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WCR EDITORIAL

August 29, 2016

Last year in his encyclical Laudato Si' (LS), Pope Francis challenged every aspect of society that contributes to the threat, not only to sustainability, but to human life on the planet - the "throwaway culture," the system of production and consumption, and the system of power and domination which creates consumerism. He urged that reliance on fossil fuels needs to be progressively replaced, "without delay."

Lifestyles need to change, but will it take a global catastrophe for than to happen?

Erik Assadourian, in the 2010 edition of the Worldwatch Institute's State of the World, argued that consumerism is not a natural state of affairs; it is a modern creation. "Businesses found ways to coax more consumption out of people," he wrote. In France, by the late 18th century, goods once considered luxuries - soap, coffee and sugar - were seen as necessities.

A vast expansion of consumerism came after the Second World War when governments chose to fill the gap created by the disappearance of the massive war economy by stimulating consumption. Since then, economic growth has become an article of blind faith.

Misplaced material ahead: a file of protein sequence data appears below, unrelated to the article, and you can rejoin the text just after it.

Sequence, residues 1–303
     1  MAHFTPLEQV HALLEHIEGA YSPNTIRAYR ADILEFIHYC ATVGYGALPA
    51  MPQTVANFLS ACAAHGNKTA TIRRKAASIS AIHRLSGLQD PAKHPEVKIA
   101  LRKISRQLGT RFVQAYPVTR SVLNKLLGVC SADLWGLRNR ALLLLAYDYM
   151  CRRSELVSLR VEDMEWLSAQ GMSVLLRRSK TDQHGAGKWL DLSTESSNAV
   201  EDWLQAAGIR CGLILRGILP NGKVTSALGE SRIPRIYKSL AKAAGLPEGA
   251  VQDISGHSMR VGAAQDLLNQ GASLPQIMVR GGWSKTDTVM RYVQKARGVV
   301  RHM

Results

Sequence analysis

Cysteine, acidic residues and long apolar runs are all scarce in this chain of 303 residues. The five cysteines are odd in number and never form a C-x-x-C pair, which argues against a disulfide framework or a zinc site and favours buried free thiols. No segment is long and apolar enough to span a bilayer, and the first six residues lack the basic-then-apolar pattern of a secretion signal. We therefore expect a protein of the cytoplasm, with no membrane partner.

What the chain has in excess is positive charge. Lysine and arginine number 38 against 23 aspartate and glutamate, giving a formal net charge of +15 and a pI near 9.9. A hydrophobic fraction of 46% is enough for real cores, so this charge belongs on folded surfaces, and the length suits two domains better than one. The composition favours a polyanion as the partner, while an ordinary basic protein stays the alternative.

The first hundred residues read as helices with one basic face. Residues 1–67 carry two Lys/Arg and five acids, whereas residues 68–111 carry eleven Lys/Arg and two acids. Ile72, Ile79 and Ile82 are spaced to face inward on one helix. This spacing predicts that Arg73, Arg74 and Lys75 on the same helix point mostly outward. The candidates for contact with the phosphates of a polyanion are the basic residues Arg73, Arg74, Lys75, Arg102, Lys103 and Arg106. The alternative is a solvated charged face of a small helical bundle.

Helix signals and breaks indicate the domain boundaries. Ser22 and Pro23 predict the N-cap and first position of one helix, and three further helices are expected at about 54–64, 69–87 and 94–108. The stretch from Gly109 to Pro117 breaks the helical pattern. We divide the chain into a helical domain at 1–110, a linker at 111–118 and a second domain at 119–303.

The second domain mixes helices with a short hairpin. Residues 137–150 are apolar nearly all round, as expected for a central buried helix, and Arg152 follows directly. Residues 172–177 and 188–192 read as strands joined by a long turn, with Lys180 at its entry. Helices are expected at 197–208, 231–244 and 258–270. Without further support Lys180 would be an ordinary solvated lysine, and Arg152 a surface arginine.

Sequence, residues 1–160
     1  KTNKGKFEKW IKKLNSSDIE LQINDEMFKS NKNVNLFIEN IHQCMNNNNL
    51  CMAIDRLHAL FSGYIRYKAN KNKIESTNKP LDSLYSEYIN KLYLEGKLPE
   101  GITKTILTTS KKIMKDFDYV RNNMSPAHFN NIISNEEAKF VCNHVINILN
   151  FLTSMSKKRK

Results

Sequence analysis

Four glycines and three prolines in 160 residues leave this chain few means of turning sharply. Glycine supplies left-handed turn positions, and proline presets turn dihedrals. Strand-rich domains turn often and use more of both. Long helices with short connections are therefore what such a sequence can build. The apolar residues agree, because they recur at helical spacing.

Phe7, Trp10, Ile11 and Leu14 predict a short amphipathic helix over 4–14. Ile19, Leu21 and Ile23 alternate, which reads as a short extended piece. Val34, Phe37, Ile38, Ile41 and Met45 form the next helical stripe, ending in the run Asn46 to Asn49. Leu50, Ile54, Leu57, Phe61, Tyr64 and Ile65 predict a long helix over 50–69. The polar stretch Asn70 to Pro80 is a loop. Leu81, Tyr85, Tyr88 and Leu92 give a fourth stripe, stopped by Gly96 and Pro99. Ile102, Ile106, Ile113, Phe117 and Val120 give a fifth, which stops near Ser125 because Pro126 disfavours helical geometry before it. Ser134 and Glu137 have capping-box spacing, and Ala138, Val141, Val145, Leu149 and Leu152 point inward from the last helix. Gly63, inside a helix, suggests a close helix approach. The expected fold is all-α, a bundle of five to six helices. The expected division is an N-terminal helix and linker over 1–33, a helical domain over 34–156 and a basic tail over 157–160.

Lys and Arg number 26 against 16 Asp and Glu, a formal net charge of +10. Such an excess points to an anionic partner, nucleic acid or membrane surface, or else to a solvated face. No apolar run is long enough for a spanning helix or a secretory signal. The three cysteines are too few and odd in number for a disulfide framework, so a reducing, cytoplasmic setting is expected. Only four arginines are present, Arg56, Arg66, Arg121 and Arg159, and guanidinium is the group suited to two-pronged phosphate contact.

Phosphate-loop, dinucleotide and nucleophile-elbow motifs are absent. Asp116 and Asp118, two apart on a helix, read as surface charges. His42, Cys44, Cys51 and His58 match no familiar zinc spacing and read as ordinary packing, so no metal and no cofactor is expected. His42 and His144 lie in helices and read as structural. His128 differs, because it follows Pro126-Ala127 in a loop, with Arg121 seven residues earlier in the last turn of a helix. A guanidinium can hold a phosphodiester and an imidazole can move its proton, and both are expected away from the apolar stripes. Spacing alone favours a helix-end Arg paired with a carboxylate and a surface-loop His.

Yet, the belief that the economy can go on expanding indefinitely needs to be overthrown. So does the assumption that having more stuff makes a person happier. As does the belief that a high income, large home and frequent overseas travel are sure signs of success.

Assadourian contends that just as the culture of consumption was created over a long period, it can also be gradually replaced through the same institutions that created it - media, education, government and business.

The issue has been widely recognized, but to date the response has been more rhetoric than action - what another Worldwatch author, Michael Renner, calls "sustainababble."

The impetus for a sustainable economy will come less from government regulation and shifts in business behaviour than from a new culture arising from a changed mindset. The media and school system must unmask the unquestioned beliefs that underlie the consumer mentality and foster an ethic of living together in communion.

The emphasis on communion comes from Pope Francis who sees consumerism as rooted in individualism. "When people become self-centred and self-enclosed, their greed increases" (LS 204).

Humans, however, are able to rise above ourselves and start anew. We have the ability to form bonds of community and to act for the common good, rather than individual desires.

This is a spirituality of respecting God as creator, of creation as a gift and of ourselves as stewards, rather than owners, of that gift. But will that spirituality spread through global society? People must buy into it and form bonds with like-minded others. Whether that happens is up to us.